EU collaboration Joining the European Union can have a negative impact on cross-border scientific collaboration, suggests an analysis published on 12 April (O. A. Doria Arrieta Sci. Adv. 3, e1602232; 2017). The study assessed countries’ collaboration rates by counting publications involving authors from more than one nation. It found that the ten countries, most in Eastern Europe, that joined the EU in 2004 would have had more international research collaborations if they had not joined. Brain drain to Western nations is one reason for the drop, say the authors.


Europa’s plumes The Hubble Space Telescope has once again spotted a potential water plume rising from Jupiter’s moon Europa (pictured), possibly squirting from the satellite’s buried ocean. Images taken in 2016 show bright material rising above Europa’s surface from the same location as a similar feature seen two years earlier. Europan plumes present opportunities for future spacecraft to directly analyse the water from the buried ocean, a possible habitat for extraterrestrial life. The work, announced by NASA on 13 April, appears in Astrophysical Journal Letters (W. B. Sparks et al. Astrophys. J. 839, L18; 2017).

W. Sparks (STScI)/USGS Astrogeology Science Center/ESA/NASA

Suspected plumes of water vapour (bottom left) erupt off Jupiter’s moon Europa.


Liver-on-a-chip The US Food and Drug Administration (FDA) said on 11 April that it has started testing whether ‘livers-on-chips’ — miniature models engineered to mimic the organ’s biological functions — can reliably replicate human reactions to food-borne illnesses, with a view to replacing animal experiments. It is the first time that any regulator has pursued organs-on-chips as an alternative to animal testing. The experiments will help the agency to determine whether companies can substitute chip data for animal data when applying for the approval of a new compound, such as a food additive, that could prove harmful.


CRISPR patents In a widely expected move, the University of California, Berkeley, and its partners filed an appeal on 12 April to a US ruling that key patents on the gene-editing technology CRISPR–Cas9 belong to the Broad Institute in Cambridge, Massachusetts. The patents concern the use of CRISPR in eukaryotes such as plants and animals — potentially the most lucrative application of the technique. In February, the US Patent and Trademark Office decided that Berkeley’s US patent application did not adequately specify applications of CRISPR–Cas9 in eukaryotes, and thus did not overlap with the Broad’s patent that covers eukaryotic uses of the technology. By contrast, in May, the European Patent Office intends to grant Berkeley a patent on CRISPR that covers uses in eukaryotes.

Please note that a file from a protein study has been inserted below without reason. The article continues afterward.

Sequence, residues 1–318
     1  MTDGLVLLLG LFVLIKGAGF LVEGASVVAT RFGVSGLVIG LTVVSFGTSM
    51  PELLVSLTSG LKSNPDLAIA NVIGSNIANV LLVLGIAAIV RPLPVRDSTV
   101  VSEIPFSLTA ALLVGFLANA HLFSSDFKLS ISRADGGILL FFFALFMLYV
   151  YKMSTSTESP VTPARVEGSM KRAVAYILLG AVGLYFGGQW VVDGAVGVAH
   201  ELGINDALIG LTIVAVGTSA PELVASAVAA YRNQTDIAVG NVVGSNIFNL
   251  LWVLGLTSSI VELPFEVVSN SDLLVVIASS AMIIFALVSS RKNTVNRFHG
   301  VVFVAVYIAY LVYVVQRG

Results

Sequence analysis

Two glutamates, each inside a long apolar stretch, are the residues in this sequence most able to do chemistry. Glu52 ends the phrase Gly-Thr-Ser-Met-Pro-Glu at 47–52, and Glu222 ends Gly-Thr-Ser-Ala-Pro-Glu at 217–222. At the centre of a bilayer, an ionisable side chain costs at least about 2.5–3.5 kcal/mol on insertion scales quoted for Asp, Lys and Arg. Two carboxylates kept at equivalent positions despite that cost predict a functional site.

Theranos settles The troubled blood-analysis firm Theranos has agreed not to own or operate a blood-testing lab for two years, after reaching a settlement with US regulators. The company, based in Palo Alto, California, rose to prominence with promises of a technology that could perform a range of diagnostic tests using a drop of blood. But its claims faced scepticism and regulatory scrutiny. After failing lab inspections by the Centers for Medicare & Medicaid Services, the US agency that regulates blood-testing labs, Theranos closed its blood-testing facilities last October. In a statement on 17 April, the company said that it will continue to develop miniaturized blood-testing technologies.


Female academics report spending more time on teaching and public-engagement tasks and less time on research than their male counterparts, finds a survey of UK university staff in science-based subjects. The study of 2,495 male and 2,374 female academics at 43 institutions, published by the London-based charity Equality Challenge Unit, found a small but statistically significant gender difference, even when the effects of factors such as age, seniority and contract type were accounted for.

Source: ECU


22 April
Researchers and science advocates take part in the March for Science in Washington DC and in more than 500 locations around the world.

NASA’s Cassini spacecraft, which has explored Saturn and its moons for 13 years, makes the first manoeuvre in its 5-month, mission-ending trajectory. In September, Cassini will perform a kamikaze dive into Saturn’s atmosphere.